The invariable reply to my pleas is that using HTTP can not only be used by others to mis-represent my work (which I do not care about), but that it is actually evil. The reasoning is that some man in the middle can attack the communication channel and inject evil code that will “steal the credit cards” of my readers, and that this theft will be entirely my fault for providing an insecure channel. I find this argument particularly offensive and complete bullshit, but I have heard it so many times that I guess that many people are worried about that. Since you cannot realistically steal credit cards without javascript or some form of scripting, I would be really happy if browsers blocked scripting over http. This will make http great again for personal static sites.

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                I’ve legit seen ISPs in certain regions inject ridiculous ads and track the content of HTTP pages people visit.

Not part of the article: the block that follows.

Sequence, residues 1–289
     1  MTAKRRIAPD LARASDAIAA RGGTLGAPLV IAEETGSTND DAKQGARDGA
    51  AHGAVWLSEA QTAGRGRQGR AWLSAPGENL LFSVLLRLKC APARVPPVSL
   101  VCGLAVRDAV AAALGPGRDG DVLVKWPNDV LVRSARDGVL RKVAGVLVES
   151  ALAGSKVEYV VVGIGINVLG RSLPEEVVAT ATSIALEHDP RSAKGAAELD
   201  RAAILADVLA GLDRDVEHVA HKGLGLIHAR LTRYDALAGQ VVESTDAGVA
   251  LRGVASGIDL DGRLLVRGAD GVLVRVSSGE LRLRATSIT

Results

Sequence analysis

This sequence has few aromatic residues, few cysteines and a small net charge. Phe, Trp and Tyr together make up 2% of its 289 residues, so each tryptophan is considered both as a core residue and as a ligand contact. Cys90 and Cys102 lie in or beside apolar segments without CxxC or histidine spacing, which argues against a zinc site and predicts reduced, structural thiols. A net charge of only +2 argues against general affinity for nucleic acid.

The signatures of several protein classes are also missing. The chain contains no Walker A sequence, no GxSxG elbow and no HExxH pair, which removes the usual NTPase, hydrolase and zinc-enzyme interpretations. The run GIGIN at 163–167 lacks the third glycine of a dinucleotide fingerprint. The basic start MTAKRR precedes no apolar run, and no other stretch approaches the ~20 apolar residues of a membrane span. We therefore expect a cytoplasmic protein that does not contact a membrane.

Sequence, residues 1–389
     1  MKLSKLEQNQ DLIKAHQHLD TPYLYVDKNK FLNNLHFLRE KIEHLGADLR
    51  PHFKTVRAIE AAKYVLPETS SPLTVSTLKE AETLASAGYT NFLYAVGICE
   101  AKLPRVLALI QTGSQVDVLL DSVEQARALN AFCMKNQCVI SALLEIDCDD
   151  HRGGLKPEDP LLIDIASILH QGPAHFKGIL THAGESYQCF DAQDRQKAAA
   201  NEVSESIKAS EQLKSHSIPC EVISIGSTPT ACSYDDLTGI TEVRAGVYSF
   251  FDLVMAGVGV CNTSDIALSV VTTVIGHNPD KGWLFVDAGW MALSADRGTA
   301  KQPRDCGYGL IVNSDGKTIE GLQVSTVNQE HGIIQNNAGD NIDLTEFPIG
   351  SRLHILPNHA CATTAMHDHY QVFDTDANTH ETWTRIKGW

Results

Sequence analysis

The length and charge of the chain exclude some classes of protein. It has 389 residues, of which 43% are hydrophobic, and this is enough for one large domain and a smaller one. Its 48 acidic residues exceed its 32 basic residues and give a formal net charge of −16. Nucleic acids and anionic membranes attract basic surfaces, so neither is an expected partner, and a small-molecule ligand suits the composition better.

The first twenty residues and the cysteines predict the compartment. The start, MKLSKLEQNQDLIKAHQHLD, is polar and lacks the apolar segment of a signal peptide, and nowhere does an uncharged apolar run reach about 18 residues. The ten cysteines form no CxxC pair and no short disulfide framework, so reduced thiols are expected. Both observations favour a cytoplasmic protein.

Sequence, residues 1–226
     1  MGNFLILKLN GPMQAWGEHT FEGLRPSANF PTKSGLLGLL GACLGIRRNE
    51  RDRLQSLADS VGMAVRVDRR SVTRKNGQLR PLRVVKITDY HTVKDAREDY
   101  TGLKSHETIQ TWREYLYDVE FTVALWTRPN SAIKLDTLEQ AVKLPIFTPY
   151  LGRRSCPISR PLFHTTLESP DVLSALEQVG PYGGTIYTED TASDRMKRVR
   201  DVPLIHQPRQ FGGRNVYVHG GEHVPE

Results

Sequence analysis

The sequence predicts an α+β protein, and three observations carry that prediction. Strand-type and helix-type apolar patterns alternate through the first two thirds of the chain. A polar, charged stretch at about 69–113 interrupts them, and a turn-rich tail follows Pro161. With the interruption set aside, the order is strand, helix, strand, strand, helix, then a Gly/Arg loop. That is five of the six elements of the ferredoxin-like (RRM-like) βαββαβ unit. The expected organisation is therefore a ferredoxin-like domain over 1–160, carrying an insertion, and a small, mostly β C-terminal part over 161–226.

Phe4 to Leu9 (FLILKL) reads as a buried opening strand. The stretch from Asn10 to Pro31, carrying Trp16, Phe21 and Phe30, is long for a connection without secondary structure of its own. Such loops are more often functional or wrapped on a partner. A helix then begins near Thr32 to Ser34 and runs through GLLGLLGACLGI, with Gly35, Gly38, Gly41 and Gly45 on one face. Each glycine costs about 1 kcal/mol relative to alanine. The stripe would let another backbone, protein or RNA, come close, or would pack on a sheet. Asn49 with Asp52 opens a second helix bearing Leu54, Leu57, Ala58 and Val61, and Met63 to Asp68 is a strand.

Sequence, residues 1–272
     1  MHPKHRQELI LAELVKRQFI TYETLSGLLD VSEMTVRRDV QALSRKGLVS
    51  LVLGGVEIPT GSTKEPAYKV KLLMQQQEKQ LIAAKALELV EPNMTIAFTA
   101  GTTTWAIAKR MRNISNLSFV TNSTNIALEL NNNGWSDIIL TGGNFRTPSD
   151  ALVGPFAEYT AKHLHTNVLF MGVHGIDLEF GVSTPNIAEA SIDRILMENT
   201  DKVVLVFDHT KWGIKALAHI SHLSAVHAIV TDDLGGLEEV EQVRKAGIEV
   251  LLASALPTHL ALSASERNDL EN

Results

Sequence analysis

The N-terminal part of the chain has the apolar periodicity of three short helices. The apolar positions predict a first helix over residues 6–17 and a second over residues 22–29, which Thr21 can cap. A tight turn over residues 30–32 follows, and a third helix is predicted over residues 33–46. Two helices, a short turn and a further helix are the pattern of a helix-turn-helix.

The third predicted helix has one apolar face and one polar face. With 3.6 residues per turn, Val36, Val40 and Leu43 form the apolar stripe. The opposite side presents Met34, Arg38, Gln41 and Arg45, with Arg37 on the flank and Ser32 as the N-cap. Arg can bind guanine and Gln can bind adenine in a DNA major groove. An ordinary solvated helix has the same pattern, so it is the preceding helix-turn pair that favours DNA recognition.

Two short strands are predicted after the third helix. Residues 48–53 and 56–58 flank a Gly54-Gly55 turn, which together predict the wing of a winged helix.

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                  I’m thinking less about stealing the credit cards and more about redirecting traffic to malicious servers which can install malware. https://theintercept.com/2014/03/12/nsa-plans-infect-millions-computers-malware/

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              I can kind of sympathize with the author here, but OTOH, I’ve run an HTTP server starting out in the late 90s. It has required attention every 5 years or so at best. The last change I made to it was a couple of years ago to put in Let’s Encrypt certificates. It was a relatively simple change and it has been running fine since then.

              Software connected to “the Internet of Hate, aka The Internet” (tm James Mickens) cannot be entirely static and stable, otherwise it will get hacked, but a simple HTTP Server serving static documents is about as low-risk as you can get, and even the move from HTTP to HTTPS is a fairly simple one that, in my experience, doesn’t need constant attention.

              The complexity comes with running a rich, interactive “Web what are we up to now? dot 0” experience, where you’re letting people interact directly with your precious web server.

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                Doesn’t using proxies address this on top of performance and security boost?